The hematocrit test determines the percentage of whole blood that is made up of red blood cells (RBCs). A normal hematocrit test result for males is about 45% (38-50%) of blood volume. For females, it is about 40% (35-44%) of blood volume
The test results are affected by RBC number, RBC size, and plasma volume. A low test result can be produced by a low number of RBCs, microcytosis (small RBCs), or an increased plasma volume. A high test result can be produced by a high number of RBCs (polycythemia), macrocytosis (enlarged RBCs), or a low plasma volume.
1. First, a finger is lanced and a small drop of blood is allowed to accumulate.
2. Blood is drawn up into a heparinized (anticoagulant) glass tube.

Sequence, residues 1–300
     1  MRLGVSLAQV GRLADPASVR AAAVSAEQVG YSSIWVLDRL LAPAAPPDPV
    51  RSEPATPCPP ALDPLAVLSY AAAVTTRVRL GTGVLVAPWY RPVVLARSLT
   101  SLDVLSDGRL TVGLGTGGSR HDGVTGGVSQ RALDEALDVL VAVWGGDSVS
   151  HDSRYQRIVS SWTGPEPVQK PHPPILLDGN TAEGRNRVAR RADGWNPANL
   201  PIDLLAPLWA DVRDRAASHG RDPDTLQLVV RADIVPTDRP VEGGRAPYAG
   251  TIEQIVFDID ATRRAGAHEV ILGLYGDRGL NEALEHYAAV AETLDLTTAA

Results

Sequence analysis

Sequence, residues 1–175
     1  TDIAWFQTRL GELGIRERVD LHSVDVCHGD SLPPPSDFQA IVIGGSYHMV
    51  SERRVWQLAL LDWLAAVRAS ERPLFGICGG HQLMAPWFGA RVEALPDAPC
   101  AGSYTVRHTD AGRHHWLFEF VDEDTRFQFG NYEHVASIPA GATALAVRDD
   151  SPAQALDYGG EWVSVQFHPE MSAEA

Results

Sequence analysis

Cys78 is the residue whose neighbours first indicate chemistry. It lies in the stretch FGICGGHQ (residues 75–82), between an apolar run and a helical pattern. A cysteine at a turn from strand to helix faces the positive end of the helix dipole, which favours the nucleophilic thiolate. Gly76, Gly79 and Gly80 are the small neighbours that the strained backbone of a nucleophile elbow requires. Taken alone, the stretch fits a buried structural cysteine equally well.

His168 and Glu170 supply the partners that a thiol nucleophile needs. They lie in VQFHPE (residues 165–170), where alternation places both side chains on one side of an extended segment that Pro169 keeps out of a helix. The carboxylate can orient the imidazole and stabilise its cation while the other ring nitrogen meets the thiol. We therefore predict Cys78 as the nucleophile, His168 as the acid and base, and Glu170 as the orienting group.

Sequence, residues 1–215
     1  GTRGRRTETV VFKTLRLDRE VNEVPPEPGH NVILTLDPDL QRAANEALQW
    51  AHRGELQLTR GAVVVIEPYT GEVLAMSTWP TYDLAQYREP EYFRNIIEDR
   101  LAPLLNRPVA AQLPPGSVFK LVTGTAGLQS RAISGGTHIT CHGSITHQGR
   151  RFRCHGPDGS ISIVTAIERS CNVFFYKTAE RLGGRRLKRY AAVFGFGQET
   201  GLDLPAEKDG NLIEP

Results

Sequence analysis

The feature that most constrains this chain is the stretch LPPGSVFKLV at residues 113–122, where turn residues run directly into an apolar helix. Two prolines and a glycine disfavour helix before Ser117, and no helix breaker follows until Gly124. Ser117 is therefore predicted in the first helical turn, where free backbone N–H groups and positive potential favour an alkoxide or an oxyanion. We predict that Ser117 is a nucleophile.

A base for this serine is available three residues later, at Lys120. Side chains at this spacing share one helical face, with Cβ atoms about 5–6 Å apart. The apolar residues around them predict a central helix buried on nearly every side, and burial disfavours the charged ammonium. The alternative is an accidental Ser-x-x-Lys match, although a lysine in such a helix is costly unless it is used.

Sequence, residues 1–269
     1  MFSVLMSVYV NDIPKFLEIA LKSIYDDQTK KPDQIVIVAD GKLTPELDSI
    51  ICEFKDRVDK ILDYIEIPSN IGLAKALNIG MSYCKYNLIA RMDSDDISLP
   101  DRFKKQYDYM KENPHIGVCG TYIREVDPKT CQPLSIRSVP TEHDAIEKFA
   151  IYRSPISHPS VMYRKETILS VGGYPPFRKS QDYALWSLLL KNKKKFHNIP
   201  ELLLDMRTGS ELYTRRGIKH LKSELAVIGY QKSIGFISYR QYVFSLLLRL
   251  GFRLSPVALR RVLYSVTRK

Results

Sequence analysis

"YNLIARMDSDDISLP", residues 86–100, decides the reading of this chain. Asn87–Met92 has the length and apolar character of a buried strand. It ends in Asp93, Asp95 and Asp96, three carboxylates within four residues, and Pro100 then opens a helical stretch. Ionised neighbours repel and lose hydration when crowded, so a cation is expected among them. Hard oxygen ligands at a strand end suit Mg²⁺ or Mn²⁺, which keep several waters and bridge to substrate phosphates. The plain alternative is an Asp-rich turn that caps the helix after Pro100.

3. One end of the blood-filled tube is sealed with clay.
4. The blood-filled tubes are placed in a centrifuge and spun until the plasma and formed elements separate.
5. The glass tube is moved across a reader board until the bottom of the RBC column is at 0% and the top of the plasma column is at 100%
6. The percentage of RBCs in the blood is determined by tracing the grid lines near the top of the red column to the % scale.